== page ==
A federal grand jury Wednesday returned conspiracy and armed carjacking charges against the surviving member of the Missouri couple dubbed a modern day “Bonnie and Clyde” that was sought for crimes in four states earlier this year before being apprehended in a hail of gunfire in Santa Rosa County in February.

An eight-count indictment filed in U.S. District Court charges Brittany Nicole Harper, 30, of Joplin, Mo., with one count of  conspiracy to transport a stolen vehicle across state lines, two counts of transporting a stolen vehicle across state lines, three counts of carjacking and two counts of brandishing a gun during a crime of violence. Harper remains in the Escambia County Jail in Pensacola on state charges.

The indictment states that the purpose of the conspiracy was for Harper and “her co-conspirator to unlawfully obtain vehicles, by whatever means necessary,” including acts of violence, and then to use the stolen vehicles as transportation between various states. The indictment refers throughout to Harper’s co-conspirator, but does not name him.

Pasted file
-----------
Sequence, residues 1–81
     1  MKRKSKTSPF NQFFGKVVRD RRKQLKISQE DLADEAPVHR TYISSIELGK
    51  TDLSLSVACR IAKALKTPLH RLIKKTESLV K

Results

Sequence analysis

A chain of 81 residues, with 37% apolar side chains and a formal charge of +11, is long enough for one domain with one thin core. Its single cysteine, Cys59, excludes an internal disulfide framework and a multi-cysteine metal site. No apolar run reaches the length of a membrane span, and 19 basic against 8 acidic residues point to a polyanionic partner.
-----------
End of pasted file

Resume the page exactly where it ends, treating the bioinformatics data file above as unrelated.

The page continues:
Harper was arrested aftera face-off with deputies  in which her co-conspirator was shot and killed.

The indictment describes a 10-day, four-state crime spree by Harper and her male companion, Blake Fitzgerald, that began in Webb City, Mo., on Jan. 26, when the couple took a 2009 Cadillac on a test drive from a dealership and never returned. Highlights of the crime spree, as outlined in the indictment, are as follows:

Before arriving in Alabama, the couple burglarized a home in Missouri, where they parked the stolen Cadillac in the garage and stole a 2007 Chevrolet Trailblazer parked at the home.

The couple’s first crime in Alabama is listed as a theft at the Walmart in Bessemer on Jan. 30, before the couple drove the Trailblazer to Tuscaloosa, where they forced a motel clerk at gunpoint into the backseat of the 2011 Volkswagen Jetta he had driven to work. Harper and her companion drove the Jetta to Hoover, where they tried, unsuccessfully, on Jan. 31, to take a Camaro from a McDonald’s employee, and then released the motel clerk in Vestavia Hills.